Sunday 25 April 2010

ANZAC Day '10

It's 9.16, and the old Diggers are marching from the RSL, to the wreath-laying ceremony at the Cenotaph.

It's ANZAC Day, today.

I have mixed feelings about ANZAC Day. I am not much for the "mateship forged on blood-soaked foreign shores" myth. That belongs to another generation. The ones who actually fought. Neither am I one for glorifying the war machine- for a while there, in my 20's I was a card-carrying member of Women Against Rape (In War). The "great sacrifice" confuses me, as does the "fought for our freedom" line of thinking. (But that might have more to do with the fact that Australian History was an elective when I was at school, and the subject "History" was solely focused on British and European schools of thought). The ANZAC march is something that calls me on a completely visceral level, and I am not too sure what it is or why.

But, I defy anyone not to be moved by the image of a single beam of light, and a sole bugler playing "The Last Post". There is something poignant about the simplicity of this ritual.

What I think about during the minute's silence, is the fresh-faced pictures of the young men, who honestly believed they were off on a "lark". Whether that be in Vietnam, or Fromelles or Kabul.

I think about the ages of my children, and the pictures of the reality of Villiers-Breteneux and Rabaul and Mogadishu.

I think about the complete senselessness of battles like Gallipoli, Kokoda and Guadalcanal.

And that's probably it, for me. The sheer senselessness of the whole war caper. Yet, I have the acknowledge, that there is SOMETHING about the whole ANZAC myth that pervades us, culturally. It's why I still cry when I hear Albinoni's "Adagio" (the music played at the end of the movie "Gallipoli"). It's why the simple few lines of "The Ode" leave me trembling.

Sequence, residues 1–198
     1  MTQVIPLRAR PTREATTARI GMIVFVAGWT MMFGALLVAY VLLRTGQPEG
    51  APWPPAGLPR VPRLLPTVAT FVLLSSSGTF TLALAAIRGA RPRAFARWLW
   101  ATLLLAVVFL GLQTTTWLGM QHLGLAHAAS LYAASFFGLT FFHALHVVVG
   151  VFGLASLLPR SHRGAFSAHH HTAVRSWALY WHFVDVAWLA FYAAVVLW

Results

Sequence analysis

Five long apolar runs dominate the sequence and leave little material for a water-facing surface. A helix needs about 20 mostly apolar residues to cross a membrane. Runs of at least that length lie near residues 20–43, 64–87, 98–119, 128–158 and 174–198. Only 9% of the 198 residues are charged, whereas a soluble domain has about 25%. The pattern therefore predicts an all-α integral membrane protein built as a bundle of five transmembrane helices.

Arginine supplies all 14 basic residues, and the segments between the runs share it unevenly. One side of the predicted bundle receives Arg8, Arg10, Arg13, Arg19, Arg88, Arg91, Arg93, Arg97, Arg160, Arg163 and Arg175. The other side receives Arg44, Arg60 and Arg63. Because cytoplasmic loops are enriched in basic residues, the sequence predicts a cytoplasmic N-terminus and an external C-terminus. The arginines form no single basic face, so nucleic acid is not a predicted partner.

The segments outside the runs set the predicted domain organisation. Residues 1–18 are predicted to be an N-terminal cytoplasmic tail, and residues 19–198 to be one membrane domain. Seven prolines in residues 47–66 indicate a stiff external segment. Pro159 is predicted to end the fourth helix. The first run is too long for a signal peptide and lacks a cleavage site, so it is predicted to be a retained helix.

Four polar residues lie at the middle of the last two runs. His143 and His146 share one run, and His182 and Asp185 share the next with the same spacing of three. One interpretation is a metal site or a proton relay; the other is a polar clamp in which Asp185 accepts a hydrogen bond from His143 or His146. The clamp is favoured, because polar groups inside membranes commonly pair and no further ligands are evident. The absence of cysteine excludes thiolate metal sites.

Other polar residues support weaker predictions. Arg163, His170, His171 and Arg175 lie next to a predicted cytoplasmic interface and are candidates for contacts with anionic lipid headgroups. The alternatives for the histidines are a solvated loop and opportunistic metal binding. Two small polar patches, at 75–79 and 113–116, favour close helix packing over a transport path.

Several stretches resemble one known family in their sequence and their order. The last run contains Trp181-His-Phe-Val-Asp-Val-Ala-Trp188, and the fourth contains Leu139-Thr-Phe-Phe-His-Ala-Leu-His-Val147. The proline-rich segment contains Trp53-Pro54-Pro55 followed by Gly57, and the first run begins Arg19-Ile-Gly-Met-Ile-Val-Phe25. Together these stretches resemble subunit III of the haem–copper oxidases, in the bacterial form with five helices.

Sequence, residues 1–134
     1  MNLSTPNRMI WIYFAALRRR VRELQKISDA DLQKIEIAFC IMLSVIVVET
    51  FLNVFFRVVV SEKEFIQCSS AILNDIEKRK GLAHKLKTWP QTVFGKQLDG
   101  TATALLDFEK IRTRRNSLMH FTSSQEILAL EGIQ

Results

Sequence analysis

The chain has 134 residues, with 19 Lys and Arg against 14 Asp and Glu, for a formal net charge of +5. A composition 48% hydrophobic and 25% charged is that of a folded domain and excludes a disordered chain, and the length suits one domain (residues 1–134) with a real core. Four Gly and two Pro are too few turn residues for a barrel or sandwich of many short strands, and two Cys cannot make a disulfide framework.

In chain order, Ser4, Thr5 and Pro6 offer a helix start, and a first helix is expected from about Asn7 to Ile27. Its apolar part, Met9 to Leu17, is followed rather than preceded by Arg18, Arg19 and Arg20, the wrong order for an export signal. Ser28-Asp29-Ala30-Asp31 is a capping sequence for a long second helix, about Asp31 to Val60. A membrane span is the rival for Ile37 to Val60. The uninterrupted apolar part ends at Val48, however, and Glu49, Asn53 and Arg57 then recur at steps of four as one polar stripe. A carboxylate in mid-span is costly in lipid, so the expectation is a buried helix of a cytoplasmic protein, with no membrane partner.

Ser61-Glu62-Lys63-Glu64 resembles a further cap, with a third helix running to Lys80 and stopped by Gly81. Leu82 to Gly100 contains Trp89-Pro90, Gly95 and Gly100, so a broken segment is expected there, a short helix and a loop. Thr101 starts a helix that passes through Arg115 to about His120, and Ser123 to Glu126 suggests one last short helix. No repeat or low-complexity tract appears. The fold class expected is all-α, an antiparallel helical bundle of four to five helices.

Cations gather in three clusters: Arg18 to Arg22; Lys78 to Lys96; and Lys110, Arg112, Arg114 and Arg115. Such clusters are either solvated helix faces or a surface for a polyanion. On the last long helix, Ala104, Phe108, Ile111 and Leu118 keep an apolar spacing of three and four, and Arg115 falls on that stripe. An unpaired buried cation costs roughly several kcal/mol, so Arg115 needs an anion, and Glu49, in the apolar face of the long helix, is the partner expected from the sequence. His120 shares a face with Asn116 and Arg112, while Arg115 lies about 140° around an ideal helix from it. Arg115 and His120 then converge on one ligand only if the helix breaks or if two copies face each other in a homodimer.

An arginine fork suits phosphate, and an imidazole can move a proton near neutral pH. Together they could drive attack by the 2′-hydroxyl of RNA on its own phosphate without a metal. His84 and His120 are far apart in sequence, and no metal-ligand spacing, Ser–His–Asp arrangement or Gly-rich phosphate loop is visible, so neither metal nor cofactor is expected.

When I go to War Cemeteries, it's always their ages that upset me the most.

That whoever the were, as young as they were, They died. And I need to, in some way, remember them.

So today, I got up at sparrows, to rug up against the brutal wind coming straight off the sea, and stood with other people of my community, to attend the Dawn Service at Dromana RSL.

And, in true Aussie spirit.. the spirit that speaks to me so much more than the Gallipoli myth, after the Service.. the poignant, visceral, moving, simple but brutal service, we all trooped into the dining room and eat. And laugh. And drink (free beer for breakfast and a not-so-subtle bottle of Bundy doing the rounds). And THAT larrikin spirit, where a profoundly anti-war ageing hippy can sit next to a decorated Navy vet, and his soon-to-join-the Army grandson, eating pretty dodgy eggs, bacon, snags and beans provided by CFA vollies.. THAT is what the "Aussie Spirit" means to me.